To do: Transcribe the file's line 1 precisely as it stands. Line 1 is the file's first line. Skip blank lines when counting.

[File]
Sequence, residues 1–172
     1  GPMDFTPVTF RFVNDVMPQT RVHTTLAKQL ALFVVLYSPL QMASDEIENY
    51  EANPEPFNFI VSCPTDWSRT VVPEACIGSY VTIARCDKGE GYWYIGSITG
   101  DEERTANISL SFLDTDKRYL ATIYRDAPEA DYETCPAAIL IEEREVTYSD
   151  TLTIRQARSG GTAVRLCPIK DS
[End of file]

Sequence, residues 1–172